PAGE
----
Xplova X5 (hands on) review: This cycling computer records video when your heart says so

Cycling computers and cameras aren’t new, but I’ve never seen a device with both features onboard before. Acer put an end to this today by launching the world’s first bike computer with a camera built in.

That’s pretty novel, but the Xplova X5 has one more killer feature: the 720p camera is able to automatically record video when your heart rate reaches a certain level. Other key features include IPX7 water resistance and a transflective colour screen, so it’s readable in direct sunlight.

Xplova X5: Camera

The heart-rate trigger only works when you wear a compatible heart-rate monitor, but the benefits are clear. First, you save on storage space, and second, you never have to worry about enabling the camera as it’s always switched on. The Xplova X5 will even stitch your clips together for you at the end of your ride so you can share them over social media. 

This could be useful if you’re working hard to reach the summit of a hill, peddling hard to overtake, or when something dangerous happens on the road. Having video evidence of a crash could be very useful, too.

You can, of course, also turn video recording on manually, and the Xplova X5 even has a feature that allows you to use pre-set GPS co-ordinates to enable recording on well-known scenic routes.

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Xplova X5: Dashboard

So much for the headline features. The Xplova X5 is also a bike computer, and despite the daft name, it looks like a pretty good one at that. As you’d expect, the main dashboard shows current stats such as your heart rate, current speed, cadence, elapsed time and distance.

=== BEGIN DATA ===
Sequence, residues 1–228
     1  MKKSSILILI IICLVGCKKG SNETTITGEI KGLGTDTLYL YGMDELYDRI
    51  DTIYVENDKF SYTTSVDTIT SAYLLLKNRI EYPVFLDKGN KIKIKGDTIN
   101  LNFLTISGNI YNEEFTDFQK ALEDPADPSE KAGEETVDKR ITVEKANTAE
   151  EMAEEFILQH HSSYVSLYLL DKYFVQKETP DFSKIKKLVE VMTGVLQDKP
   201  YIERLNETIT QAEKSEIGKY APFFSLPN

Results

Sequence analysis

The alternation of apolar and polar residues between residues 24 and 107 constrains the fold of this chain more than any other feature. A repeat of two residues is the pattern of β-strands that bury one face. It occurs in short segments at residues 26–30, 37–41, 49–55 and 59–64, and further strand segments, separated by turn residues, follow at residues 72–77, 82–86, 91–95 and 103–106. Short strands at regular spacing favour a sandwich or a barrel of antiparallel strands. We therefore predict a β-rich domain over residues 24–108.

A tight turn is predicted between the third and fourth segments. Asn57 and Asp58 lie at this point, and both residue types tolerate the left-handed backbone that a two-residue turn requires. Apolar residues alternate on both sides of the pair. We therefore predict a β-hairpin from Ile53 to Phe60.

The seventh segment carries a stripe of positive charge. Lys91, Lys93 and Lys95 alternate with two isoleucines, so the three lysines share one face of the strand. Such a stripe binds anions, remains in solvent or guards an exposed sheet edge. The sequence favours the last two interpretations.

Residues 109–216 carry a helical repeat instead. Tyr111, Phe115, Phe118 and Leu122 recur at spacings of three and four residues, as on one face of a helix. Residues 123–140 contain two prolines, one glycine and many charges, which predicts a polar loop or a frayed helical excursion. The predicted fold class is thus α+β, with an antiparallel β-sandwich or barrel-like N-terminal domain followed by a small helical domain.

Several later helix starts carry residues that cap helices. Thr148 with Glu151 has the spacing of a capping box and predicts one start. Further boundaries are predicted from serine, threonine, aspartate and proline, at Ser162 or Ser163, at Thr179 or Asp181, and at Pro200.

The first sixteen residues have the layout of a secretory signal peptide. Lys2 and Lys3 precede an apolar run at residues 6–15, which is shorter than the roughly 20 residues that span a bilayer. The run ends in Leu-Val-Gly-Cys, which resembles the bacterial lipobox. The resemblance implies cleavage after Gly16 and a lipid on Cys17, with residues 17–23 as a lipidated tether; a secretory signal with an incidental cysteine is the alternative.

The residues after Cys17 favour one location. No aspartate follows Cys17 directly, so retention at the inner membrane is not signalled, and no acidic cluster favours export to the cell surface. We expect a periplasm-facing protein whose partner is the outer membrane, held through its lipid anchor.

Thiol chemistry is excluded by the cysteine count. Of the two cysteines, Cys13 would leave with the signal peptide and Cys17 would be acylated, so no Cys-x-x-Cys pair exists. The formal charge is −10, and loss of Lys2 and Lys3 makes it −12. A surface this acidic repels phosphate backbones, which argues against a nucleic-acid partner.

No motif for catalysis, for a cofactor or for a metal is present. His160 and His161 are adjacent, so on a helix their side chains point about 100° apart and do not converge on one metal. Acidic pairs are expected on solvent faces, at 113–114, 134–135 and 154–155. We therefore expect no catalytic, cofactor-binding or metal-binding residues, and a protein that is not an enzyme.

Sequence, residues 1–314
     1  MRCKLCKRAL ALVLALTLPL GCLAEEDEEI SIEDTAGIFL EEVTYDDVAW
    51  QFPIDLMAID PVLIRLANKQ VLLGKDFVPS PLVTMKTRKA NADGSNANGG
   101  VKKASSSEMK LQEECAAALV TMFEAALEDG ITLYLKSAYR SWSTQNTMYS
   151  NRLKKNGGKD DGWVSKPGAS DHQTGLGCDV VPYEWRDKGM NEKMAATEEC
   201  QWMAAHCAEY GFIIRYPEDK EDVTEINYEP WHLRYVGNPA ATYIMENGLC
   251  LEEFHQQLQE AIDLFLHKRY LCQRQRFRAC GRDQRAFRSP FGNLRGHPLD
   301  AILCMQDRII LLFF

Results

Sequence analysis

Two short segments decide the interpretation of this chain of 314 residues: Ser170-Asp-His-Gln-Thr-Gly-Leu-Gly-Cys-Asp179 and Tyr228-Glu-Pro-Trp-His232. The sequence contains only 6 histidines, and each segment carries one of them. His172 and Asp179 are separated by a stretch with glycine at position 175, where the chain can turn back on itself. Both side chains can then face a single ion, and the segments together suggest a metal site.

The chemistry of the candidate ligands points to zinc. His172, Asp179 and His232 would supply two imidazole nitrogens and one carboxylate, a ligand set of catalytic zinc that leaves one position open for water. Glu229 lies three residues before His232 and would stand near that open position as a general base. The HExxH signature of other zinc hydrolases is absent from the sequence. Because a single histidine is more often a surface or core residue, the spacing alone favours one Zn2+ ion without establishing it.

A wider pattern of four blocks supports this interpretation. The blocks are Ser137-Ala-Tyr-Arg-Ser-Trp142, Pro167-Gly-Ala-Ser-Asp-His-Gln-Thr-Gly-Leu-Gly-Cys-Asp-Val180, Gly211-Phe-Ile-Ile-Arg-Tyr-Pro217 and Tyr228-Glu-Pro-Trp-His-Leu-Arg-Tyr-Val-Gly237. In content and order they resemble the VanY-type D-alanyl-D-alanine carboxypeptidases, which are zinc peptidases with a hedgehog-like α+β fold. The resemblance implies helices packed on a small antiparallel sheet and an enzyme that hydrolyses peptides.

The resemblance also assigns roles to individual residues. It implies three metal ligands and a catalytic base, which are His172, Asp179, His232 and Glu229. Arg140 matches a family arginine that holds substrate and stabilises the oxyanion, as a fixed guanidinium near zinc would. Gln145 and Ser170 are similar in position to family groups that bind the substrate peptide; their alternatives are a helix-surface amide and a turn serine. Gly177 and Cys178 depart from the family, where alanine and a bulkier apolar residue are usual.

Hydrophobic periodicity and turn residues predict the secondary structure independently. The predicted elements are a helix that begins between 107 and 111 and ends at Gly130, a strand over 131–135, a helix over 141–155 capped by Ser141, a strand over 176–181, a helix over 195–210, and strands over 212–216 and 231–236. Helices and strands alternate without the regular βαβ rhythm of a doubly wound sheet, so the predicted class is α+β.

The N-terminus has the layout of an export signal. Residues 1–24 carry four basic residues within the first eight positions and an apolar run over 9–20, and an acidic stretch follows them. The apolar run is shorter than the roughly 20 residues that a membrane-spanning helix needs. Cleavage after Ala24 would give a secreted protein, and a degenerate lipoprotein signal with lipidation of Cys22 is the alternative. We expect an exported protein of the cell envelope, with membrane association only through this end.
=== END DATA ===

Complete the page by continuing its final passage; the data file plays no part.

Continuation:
There’s also a strong navigation element to the Xplova’s talents, including the option for turn-by-turn satnav. However, what’s more exciting is the community side of things. If you, and your chapter of bike mates, fully buy into the Xplova setup, you can see live stats on team performance during a race or a training session.

Sadly, though, this appears to be a feature that is locked into the Xplova products only. Support for third-party platforms open to users of other cycling computers may well have been a better option.

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Xplova X5: User interface

There’s a lot to like about the X5. It’s attractive, lightweight and seems simple to use. Its touchscreen is reasonably responsive (although nowhere near as good as a smartphone), and also includes physical buttons, a feature that’s essential when you’re bouncing around on potholed streets with gloves on. The onscreen map looks dated, though – I’d hope for something more modern-looking in 2016. 

No price has been quoted for Xplova X5 yet, but we do know it’s set to launch in Q3. What do you think of it? Let us know in the comments section below.

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